Michigan: Coming Home

April 04, 2018

Midland

Midland, 2012 © Traverse Day Robinette

Bicycles have always been a major role in my life. I remember vividly the day when I learned how to ride a bicycle and the feeling of freedom that it instilled in me. As I got older I started to do the next logical thing with a bicycle, I started building jumps and flying through the air. As a teen I fell in love with the world of BMX. This form of freedom caused me lots of pain with two ACL surgeries - one on each knee. In my early 20’s I became conscious that I no longer wanted to put myself at risk of being injured. Biking was my life. All my friends rode BMX and it was how I identified who I was. I rode bikes, I was a biker. It was one of the hardest things I’ve ever given up in life. To this day I still have dreams of riding BMX. When I moved to the Boston area my love for bicycles was rekindled with the need to get around town.  I started commuting to work and school and loved biking all over the city. The feeling of freedom returned.

In 2012 I got the idea to visit my family in Michigan by bicycle. After looking at a map I devised a way for me to bike all over the state of Michigan and reunite with my family. Being frugal and wanting to try something different I decided on taking the bus from Boston, Massachusetts to Bay City, Michigan.

The bus ride was a humbling experience. I was on the bus for over 24 hours and had very little continuous sleep. On the bus there were all walks of life on a journey. We all existed for a short time together moving in the same direction.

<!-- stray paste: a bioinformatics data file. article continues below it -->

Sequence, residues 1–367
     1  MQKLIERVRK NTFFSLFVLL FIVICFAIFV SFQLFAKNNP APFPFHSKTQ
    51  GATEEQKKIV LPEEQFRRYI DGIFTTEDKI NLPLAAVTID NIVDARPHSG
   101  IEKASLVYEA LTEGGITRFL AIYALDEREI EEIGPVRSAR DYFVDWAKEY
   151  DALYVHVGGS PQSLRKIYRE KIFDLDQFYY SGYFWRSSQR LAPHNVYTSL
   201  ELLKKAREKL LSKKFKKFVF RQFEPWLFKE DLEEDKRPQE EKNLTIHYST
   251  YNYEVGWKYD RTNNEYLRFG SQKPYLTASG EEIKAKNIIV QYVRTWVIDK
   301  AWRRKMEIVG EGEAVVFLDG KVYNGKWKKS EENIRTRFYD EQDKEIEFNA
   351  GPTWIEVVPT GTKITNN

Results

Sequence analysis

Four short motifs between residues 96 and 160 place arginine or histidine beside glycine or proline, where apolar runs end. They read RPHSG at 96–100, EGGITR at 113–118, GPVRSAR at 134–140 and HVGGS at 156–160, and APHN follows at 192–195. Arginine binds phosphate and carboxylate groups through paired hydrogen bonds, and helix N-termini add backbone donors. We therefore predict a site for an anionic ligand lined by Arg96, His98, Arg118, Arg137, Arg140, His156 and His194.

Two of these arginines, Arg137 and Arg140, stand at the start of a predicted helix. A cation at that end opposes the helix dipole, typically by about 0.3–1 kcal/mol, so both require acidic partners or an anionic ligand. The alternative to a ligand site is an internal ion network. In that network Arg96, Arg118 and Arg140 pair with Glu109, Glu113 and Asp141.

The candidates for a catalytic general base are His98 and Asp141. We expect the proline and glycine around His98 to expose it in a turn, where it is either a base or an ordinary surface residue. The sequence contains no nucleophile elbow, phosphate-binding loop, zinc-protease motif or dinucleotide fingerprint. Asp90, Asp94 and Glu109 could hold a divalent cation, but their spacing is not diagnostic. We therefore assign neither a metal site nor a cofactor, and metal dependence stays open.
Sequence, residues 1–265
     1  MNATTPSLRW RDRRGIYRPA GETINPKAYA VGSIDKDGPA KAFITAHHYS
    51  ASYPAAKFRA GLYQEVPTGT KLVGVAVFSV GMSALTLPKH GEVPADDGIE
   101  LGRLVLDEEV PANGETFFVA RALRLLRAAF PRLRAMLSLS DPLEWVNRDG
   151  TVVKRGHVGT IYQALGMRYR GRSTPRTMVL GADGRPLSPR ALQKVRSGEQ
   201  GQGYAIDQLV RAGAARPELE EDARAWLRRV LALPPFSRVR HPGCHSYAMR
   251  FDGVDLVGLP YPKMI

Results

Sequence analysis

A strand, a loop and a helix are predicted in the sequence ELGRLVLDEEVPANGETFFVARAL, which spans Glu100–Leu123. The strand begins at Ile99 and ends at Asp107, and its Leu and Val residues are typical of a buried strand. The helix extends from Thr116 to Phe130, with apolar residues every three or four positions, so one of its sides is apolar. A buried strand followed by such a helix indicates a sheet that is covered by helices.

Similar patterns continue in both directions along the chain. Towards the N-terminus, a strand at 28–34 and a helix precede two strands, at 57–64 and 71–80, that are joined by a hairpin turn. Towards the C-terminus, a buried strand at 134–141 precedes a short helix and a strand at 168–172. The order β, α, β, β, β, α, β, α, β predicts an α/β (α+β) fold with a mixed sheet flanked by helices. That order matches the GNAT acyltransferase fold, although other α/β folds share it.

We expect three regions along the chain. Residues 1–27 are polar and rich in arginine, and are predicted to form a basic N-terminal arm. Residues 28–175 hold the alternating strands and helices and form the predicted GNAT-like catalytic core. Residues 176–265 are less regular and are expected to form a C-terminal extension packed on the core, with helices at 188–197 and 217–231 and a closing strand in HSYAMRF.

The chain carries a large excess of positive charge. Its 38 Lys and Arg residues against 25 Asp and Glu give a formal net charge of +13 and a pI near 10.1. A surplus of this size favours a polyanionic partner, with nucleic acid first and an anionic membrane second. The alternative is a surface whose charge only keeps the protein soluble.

My bike route was Midland to Clare, Clare to Lake City, my aunt and uncle gave me a lift from Lake City to Traverse City, Traverse City to Gaylord, Gaylord to Alpena. I didn’t have GPS in 2012 and used a Michigan road atlas and drew out smaller maps of my daily routes for quick reference. It was amazing to travel to the end of a page in the atlas and then turn the page.

 

Ocean Field

Ocean Field, 2012 © Traverse Day Robinette

I passed many farms as I rode.  Farmers were cutting and bailing hay in their fields. It was hot and dry with puffy white clouds floating across the sky. Some of the fields I passed had rolling hills that reminded me of waves in the ocean.   I stayed mostly on back country roads, and there were long periods of no cars and I was alone on the road.

 

Sleeping Hawk

Sleeping Hawk, 2012 © Traverse Day Robinette

Of the many sights to see, road kill was present throughout the whole journey. I saw deer, birds, raccoon, possum, and snakes. All the animals I saw looked to be unharmed and were merely taking a nap in the warm summer sun on the side of the road.

 

Untitled

Road Study, 2012 © Traverse Day Robinette

 

Field Study 2

Cloud Study, 2012 © Traverse Day Robinette

 

Long Rapids Road

Long Rapids Road, 2012 © Traverse Day Robinette